For much of his career, Will Downing has comfortably fit in as the working man’s Luther Vandross. Not given to Vandross’ flair and not possessing his vocal talents, Downing was a solid vocalist who admittedly worked hard at the smoothed out textures that he became synonymous with. Throughout eight recordings Downing found a pleasing and effective middle ground between upscale R&B (high production quality along with quality song writing) and soulful pop-jazz.
Downing was at his peak with early 1990s recordings such as Dream Fulfilled (1991), Love’s the Place to Be (1992) and Moods (1995). By the late 1990s Downing was in a bit of a rut, never quite finding a groove among the blandness of commercial jazz stations and the kiddie driven urban scene. Downing wasn’t helped when Mercury, his label at the time, (he recorded three discs initially for Island) was raided and most of their black acts, including Brian McKnight and Vanessa Williams, were “transferred” to the Motown label, which, like Mercury, was also owned by Polygram (later Vivendi/Universal). Downing’s one Motown disc was the disappointing All the Man You Need (2000) which tried hard to earn Downing a following among the same kind of audiences that listen to Joe and Brian McKnight. With Sensual Journey, Downing’s first disc for the long time pop-jazz label GRP, the crooner is back on solid ground returning to his classic smoothed-out groove.
The project’s lead single “Cool Water”, produced by long-time collaborator Rex Rideout, is familiar terrain for Downing, including the requisite Spanish guitar riff that is all but cliché in the current pop market. Whereas “Cool Water” is intended for “Urban” programmers, “I Can’t Help It” is being serviced to smooth jazz formats. The track is a remake of the Stevie Wonder and Susaye Greene composition, which Michael Jackson recorded on Off the Wall (1979). Downing’s version, which is produced by Marcus Miller, has a bouncy Caribbean feel, courtesy of percussionist Luis Conte. The track also features a solo from the smooth Jazz staple Boney James.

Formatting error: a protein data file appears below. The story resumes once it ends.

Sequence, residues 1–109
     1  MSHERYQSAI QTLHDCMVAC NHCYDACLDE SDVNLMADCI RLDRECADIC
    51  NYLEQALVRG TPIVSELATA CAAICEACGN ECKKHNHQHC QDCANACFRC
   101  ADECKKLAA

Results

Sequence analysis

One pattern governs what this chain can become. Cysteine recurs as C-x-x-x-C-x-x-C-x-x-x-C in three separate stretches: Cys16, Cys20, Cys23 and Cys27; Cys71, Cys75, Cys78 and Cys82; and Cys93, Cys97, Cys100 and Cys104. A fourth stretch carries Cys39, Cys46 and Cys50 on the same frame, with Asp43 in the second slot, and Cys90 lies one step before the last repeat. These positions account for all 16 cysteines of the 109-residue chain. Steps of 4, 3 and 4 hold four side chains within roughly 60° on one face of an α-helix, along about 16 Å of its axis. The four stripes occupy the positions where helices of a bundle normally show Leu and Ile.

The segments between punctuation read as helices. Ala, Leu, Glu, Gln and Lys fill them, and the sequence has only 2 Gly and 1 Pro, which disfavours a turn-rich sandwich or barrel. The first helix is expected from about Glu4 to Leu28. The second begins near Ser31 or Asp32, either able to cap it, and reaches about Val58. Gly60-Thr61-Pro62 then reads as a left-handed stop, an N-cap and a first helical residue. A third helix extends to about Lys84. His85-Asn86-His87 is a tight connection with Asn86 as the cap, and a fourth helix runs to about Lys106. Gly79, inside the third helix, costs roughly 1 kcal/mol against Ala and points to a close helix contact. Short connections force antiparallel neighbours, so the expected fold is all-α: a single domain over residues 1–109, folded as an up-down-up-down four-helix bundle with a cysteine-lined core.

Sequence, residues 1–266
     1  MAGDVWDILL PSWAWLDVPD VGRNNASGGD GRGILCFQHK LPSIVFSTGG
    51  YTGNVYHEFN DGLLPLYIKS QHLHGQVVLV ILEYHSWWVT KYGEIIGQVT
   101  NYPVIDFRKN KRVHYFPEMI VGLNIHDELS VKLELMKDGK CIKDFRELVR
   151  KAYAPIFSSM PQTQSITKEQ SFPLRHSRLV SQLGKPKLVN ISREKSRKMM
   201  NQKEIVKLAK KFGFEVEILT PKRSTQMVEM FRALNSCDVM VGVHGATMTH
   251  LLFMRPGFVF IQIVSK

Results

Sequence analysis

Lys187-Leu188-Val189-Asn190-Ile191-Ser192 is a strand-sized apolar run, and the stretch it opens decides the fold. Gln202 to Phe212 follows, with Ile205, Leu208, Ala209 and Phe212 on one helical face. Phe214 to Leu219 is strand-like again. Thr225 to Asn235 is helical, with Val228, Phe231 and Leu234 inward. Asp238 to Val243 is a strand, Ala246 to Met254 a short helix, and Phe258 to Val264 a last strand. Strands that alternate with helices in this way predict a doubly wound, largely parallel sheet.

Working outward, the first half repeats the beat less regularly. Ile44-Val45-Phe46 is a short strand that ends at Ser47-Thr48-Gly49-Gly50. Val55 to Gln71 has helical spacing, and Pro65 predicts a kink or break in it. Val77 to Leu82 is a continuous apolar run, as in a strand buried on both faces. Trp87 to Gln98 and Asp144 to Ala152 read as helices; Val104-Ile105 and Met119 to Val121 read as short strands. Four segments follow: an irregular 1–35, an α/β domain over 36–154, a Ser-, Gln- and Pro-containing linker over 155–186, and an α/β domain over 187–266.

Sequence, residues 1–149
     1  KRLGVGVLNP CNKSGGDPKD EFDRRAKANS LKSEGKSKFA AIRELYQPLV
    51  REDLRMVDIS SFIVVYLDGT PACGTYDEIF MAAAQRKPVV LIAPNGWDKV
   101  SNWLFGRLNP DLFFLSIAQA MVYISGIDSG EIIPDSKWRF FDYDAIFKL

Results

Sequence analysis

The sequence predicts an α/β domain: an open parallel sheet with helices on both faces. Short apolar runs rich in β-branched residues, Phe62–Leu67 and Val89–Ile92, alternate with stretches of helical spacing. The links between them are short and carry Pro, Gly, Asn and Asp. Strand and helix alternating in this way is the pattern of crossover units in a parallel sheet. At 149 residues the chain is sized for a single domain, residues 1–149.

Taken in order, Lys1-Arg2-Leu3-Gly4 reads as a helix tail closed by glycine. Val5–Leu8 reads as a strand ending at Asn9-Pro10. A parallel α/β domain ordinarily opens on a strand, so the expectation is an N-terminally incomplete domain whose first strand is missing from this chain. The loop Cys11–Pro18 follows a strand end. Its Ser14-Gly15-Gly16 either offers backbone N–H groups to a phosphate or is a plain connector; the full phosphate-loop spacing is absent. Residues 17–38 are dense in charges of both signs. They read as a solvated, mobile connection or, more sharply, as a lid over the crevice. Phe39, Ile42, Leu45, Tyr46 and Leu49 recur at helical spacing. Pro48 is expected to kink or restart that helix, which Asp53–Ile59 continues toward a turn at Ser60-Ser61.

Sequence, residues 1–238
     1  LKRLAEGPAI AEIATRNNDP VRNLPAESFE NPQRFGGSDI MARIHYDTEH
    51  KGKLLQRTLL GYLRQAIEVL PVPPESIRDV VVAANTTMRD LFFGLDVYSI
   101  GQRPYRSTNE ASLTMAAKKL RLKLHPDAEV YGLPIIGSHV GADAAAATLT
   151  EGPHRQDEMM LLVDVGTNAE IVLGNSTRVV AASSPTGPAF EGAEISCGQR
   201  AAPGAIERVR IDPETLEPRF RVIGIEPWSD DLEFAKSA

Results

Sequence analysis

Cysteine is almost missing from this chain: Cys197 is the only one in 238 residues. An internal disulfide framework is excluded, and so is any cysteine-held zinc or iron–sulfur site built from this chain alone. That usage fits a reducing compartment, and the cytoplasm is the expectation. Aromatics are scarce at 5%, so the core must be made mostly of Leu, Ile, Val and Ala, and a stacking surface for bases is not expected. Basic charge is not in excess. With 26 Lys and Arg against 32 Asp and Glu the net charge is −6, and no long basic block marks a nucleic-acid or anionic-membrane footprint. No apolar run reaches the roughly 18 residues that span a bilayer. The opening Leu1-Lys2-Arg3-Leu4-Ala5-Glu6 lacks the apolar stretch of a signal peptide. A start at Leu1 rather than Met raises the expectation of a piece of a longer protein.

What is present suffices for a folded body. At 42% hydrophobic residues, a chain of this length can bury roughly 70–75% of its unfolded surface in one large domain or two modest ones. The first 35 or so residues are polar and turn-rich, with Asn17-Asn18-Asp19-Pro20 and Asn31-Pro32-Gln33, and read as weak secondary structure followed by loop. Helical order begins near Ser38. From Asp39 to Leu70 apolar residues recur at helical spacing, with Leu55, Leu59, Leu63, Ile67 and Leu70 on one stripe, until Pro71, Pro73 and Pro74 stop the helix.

“I Can’t Help It” is one of four remakes including a jazzy version of the Main Ingredient’s “Just Don’t Want to be Lonely”, which is also a likely future smooth jazz single. Downing has often been at his best interpreting previously recorded material. His versions of Rose Royce’s “Wishing on a Star” (Come Together as One, 1989), The Stylistics’ classic “Break Up to Make Up” (Love’s the Place to Be, 1993) and Angela Bofill’s “I Try” and Paul Taylor’s “I Go Crazy” (both from A Dream Fulfilled, 1991) are easily some of Downing’s most accomplished performances.
He doesn’t disappoint on Sensual Journey. Downing is joined by vocalists Vesta (Williams) and Phil Perry and guitarist Lee Ritenour (who also produced the track) on a molasses thick trunk-funk version of Leon Ware’s “If I Ever Lose This Heaven”. The song was originally featured on Quincy Jones’ now classic smooth jazz prototype Body Heat (1974), with vocals from the late Minnie Riperton, Valerie Simpson, and Ware, who also produced and wrote much of Marvin Gaye’s I Want You (1976). Downing’s vocals are simply brilliant on his rendition of the late Ephraim Lewis’ obscure gem “Drowning in Your Eyes”. The track is one of the clear highlights on Sensual Journey.
Downing is also one of the strongest balladeers working in contemporary black pop. The Downing original “Maybe”, written with Rideout and Kowan Paul, is a dreamy ode to the classic “personal health day”. The song’s sparse structure allows the singer to wrap his voice around phrases in a way that very few of Downing’s contemporaries can. Flutist John Beasley is behind the boards for the samba-soul of “Bolero Nova”, which is a breezy companion ballad to the aforementioned “Maybe”.
Other highlights on Sensual Journey include “Don’t Talk to Me Like That” which was co-written by Brenda Russell (“If Only for One Night” and “Get Here”) and Vinx (with Marc Cawley). A former percussionist with Sting, Vinx (often mistaken with Bobby McFerrin) recorded a string of breathtaking (and obscure) recordings in the early 1990s including the brilliant Rooms In My Fatha’s House (1991). Vinx drops a exquisite scat solo in the middle of “Don’t Talk to Me Like That”. On “Brooklyn Breeze” Downing is joined by long-time homie and fellow Brooklyn-ite Kashif, a veteran of the industry who had several successful recordings in the 1980s. The song is a thumping tribute to the “planet” of Brooklyn.